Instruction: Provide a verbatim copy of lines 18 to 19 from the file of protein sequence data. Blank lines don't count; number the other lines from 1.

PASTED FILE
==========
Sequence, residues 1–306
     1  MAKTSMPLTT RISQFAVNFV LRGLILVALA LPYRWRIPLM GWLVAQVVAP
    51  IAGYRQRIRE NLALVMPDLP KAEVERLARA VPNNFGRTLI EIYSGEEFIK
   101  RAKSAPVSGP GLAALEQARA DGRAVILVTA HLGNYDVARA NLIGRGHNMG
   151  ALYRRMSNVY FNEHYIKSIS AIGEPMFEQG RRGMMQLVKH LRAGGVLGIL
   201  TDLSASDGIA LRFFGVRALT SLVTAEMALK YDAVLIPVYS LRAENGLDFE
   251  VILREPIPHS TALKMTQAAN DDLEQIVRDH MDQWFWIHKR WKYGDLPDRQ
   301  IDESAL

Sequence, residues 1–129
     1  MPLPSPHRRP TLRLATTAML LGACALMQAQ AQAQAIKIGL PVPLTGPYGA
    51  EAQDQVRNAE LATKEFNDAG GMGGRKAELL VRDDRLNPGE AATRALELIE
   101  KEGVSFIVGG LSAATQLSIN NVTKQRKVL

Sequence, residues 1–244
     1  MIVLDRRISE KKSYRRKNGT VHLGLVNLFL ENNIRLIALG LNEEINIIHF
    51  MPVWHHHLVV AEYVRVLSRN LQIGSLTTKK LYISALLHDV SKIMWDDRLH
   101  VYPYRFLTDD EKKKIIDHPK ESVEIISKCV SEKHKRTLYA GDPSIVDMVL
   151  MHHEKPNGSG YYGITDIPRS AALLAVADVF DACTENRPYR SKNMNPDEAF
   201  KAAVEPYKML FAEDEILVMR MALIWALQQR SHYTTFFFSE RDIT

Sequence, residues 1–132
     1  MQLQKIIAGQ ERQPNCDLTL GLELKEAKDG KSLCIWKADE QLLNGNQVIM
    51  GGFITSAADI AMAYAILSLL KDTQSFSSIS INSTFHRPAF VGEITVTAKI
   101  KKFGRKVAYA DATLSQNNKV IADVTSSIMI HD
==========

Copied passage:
   201  KAAVEPYKML FAEDEILVMR MALIWALQQR SHYTTFFFSE RDIT

Sequence, residues 1–132